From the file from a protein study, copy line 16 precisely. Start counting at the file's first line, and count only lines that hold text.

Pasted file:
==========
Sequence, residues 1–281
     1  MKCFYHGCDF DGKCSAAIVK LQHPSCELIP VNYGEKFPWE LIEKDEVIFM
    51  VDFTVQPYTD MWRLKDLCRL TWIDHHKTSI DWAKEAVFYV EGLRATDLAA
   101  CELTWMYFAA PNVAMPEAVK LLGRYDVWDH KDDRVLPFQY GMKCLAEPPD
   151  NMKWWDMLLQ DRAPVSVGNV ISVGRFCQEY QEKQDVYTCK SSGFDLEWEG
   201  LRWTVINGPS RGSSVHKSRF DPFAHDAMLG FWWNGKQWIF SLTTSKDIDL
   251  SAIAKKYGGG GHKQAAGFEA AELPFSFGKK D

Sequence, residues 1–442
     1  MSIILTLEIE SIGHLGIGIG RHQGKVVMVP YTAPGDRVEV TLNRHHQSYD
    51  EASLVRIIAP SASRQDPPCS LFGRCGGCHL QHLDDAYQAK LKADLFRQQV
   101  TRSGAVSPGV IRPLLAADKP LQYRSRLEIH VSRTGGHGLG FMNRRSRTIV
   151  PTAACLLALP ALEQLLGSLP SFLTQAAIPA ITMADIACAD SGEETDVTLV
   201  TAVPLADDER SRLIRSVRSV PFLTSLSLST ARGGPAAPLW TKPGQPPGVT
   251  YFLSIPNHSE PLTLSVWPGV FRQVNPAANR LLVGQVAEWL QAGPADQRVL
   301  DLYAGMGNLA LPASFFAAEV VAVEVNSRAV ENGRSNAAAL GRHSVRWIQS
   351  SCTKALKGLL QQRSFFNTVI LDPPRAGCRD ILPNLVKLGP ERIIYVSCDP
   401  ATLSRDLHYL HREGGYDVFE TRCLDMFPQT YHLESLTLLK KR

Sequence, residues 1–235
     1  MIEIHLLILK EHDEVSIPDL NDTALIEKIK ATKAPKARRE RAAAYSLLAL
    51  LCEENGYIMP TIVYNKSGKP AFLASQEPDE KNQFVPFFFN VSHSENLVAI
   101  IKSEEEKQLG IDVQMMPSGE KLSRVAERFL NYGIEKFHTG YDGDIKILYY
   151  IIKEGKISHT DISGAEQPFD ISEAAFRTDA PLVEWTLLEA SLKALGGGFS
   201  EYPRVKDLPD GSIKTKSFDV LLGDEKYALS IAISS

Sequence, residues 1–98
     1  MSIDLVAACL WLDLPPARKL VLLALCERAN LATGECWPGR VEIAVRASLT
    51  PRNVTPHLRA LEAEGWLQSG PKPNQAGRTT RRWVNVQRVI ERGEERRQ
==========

   351  SCTKALKGLL QQRSFFNTVI LDPPRAGCRD ILPNLVKLGP ERIIYVSCDP